They don?t happen all too often, but Apple (Nasdaq: AAPL) has made another acquisition. This time, the target is the mobile and network security company AuthenTec (Nasdaq: AUTH), for US$8 per share. It’s a roughly 58% premium for the smaller company that pegs the deal?s price at US$356 million.
Never heard of ?em?
AuthenTec?s offerings include fingerprint sensor modules, embedded security software and IP, and identity management software, among others. It was founded in 1998, and went public in 2007. The company has a broad patent portfolio surrounding fingerprint biometrics, and has shipped over 100 million fingerprint sensors that are integrated into various devices. Notable customers include…
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They don’t happen all too often, but Apple (Nasdaq: AAPL) has made another acquisition. This time, the target is the mobile and network security company AuthenTec (Nasdaq: AUTH), for US$8 per share. It’s a roughly 58% premium for the smaller company that pegs the deal’s price at US$356 million.
Never heard of ‘em?
AuthenTec’s offerings include fingerprint sensor modules, embedded security software and IP, and identity management software, among others. It was founded in 1998, and went public in 2007. The company has a broad patent portfolio surrounding fingerprint biometrics, and has shipped over 100 million fingerprint sensors that are integrated into various devices. Notable customers include rivals like Hewlett-Packard (NYSE: HPQ), Lenovo, LG, Motorola, Nokia (NYSE: NOK), and Samsung. Samsung even uses AuthenTec’s security technology in its newest Galaxy Android devices.
Interestingly, shares have surpassed that US$8 threshold during trading, reaching as high as US$8.83 so far, as of this writing. Analysts are chalking this up to the possibility that a bidding war may erupt with rivals Google (Nasdaq: GOOG) or Samsung stepping up with an offer, especially as both are currently customers of AuthenTec (via the Motorola subsidiary, in Google’s case).
If any competing bids do materialise, though, they’ll have to be unsolicited, because AuthenTec is now subject to a “no-shop” restriction to solicit alternative proposals, according to the merger agreement. It’s not allowed to provide information or participate in talks in these cases, but it can do so with unsolicited offers.
As a public company, the prospective pair will have to jump through the standard loops of various regulatory approvals and shareholder votes. Until then, it’s possible for competing bids to show up. Apple might also keep offering some of AuthenTec’s current products to rivals to avoid being accused of locking down the technology and subsequent antitrust implications; but, surely, future innovations would be off the table for competitors.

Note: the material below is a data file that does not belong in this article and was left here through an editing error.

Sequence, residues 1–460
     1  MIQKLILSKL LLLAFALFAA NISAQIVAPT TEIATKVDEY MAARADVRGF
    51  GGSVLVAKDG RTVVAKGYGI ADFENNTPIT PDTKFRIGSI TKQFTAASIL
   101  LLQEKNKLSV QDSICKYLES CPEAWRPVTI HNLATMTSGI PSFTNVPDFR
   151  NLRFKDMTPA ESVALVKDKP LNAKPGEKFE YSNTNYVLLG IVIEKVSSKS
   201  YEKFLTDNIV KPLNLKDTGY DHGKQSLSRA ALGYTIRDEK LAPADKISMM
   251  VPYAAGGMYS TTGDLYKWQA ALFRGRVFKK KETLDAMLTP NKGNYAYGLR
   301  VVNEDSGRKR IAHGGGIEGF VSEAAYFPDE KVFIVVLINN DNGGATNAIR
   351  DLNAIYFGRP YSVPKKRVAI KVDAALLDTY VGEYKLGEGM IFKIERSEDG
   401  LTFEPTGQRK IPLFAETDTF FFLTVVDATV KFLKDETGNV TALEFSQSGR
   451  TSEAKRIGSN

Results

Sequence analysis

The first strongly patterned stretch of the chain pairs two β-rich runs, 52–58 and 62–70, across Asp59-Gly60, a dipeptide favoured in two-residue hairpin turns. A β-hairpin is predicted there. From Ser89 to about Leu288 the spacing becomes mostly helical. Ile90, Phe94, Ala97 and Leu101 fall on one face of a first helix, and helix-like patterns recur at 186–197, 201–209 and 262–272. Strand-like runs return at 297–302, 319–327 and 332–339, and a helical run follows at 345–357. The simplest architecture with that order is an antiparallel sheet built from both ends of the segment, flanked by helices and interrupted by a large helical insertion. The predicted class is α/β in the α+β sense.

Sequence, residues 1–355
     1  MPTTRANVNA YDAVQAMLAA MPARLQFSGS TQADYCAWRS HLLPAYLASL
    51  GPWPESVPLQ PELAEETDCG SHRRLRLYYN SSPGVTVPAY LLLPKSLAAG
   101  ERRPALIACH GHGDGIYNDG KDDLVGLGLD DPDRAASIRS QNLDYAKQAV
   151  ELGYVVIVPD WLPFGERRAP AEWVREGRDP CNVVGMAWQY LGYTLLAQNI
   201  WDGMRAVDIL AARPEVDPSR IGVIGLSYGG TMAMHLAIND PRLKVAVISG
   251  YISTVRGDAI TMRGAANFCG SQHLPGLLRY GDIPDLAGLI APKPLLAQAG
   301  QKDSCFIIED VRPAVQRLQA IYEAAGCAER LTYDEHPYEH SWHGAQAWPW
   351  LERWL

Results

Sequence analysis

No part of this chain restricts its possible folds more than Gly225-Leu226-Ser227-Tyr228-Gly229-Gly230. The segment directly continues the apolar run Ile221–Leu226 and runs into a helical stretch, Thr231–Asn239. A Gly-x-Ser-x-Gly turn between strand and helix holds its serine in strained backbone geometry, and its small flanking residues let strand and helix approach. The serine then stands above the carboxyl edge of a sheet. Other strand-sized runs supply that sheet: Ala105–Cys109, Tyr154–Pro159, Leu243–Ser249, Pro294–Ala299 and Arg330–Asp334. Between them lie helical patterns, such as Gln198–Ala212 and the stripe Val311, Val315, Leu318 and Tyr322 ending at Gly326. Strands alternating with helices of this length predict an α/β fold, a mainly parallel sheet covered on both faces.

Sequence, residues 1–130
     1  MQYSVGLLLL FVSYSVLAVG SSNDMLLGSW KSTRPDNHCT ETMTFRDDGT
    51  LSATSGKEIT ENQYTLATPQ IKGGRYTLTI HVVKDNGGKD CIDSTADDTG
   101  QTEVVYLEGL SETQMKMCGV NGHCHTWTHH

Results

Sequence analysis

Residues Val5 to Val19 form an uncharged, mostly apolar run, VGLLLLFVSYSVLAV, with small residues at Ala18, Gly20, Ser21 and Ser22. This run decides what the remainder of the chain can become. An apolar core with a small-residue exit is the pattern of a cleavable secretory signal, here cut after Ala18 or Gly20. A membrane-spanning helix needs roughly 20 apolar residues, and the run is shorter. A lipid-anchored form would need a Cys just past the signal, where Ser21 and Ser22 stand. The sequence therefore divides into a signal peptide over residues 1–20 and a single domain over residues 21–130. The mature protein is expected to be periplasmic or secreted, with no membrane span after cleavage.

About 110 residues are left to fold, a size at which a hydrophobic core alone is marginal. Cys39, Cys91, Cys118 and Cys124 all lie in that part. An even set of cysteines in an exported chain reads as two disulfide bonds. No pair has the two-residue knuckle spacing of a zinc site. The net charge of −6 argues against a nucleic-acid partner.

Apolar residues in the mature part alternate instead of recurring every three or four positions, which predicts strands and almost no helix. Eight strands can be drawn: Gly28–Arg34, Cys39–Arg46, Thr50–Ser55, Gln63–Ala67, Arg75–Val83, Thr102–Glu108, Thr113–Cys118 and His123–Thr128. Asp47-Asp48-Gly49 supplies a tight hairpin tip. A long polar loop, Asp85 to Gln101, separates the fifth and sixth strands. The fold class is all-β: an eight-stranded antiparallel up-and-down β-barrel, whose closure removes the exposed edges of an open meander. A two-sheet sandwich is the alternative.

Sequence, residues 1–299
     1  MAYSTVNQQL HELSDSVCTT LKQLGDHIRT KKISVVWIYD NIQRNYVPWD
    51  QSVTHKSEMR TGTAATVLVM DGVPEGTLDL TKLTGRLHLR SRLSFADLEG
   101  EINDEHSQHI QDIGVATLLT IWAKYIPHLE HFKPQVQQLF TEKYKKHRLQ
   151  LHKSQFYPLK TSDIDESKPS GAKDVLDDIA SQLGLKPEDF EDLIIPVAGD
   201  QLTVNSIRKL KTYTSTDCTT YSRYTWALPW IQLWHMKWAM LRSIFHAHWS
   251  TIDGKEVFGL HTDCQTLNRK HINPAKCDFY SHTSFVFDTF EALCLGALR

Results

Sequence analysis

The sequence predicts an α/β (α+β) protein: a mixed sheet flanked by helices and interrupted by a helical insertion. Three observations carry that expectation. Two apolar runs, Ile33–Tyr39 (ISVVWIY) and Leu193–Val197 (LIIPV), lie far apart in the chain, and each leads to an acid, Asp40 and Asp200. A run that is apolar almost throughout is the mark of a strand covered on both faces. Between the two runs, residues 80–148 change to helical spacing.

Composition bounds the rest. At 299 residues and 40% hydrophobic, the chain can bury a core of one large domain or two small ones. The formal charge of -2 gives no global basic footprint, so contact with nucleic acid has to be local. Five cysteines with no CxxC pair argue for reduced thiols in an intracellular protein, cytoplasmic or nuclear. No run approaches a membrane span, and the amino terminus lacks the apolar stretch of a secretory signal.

This is a characteristic iAcquisition in many ways — it’s small in size (less than US$500 million), and is centered on IP and technology that can be integrated into Apple devices in various ways, in order to bolster their functionality. Apple almost never purchases a company for its revenue stream — it has plenty of revenue of its own. Besides, AuthenTec’s US$17.5 million in sales last quarter wouldn’t even be a blip on Apple’s radar.
The real potential lies in what Apple could do with heightened security measures on iDevices, with the most immediate implication being in mobile payments. Apple’s Passbook feature is the obvious precursor to some type of full-fledged wallet app that incorporates payment functionalities, and the iPhone maker reportedly decided to hold off before officially stepping into the mobile payments ring.
There wouldn’t be much reason to release just another “me-too” offering that lacked any meaningful innovation. Whether or not Apple chooses to adopt near-field communications, or NFC, like Google is doing, remains to be seen. Adding another secure layer of fingerprint authentication could be a point of differentiation that steps up the game with mobile payment security beyond simple passwords that can be hacked, forgotten, or stolen.
Prior to this announcement, AuthenTec CEO Lawrence Ciaccia recently said that mobile payments were one of the company’s key market opportunities. The company just launched a new fingerprint sensor aimed at mobile payment transactions two months ago.
It could also be used for other things, like unlocking an iPhone, a slightly different approach than Google’s Face Unlock feature where an Android device will recognise the user by sight.
May I ask who’s calling?
With the rise of mobile computing in smartphones and tablets, security will play a critical role, especially because mobile devices inherently carry more risk as they’re more easily lost or stolen. Smartphones are about as personal of a device as you can get — far more so than personal computers — so it’s meaningful for them to correctly recognise the user.
Apple already does this to an extent with its personal assistant, Siri, who will learn your name and family members, and even call you “Rock God” (cringe), if you’re so inclined.
This is another way how future iPhones will know who you are.
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A version of this article, written by Evan Niu, originally appeared on fool.com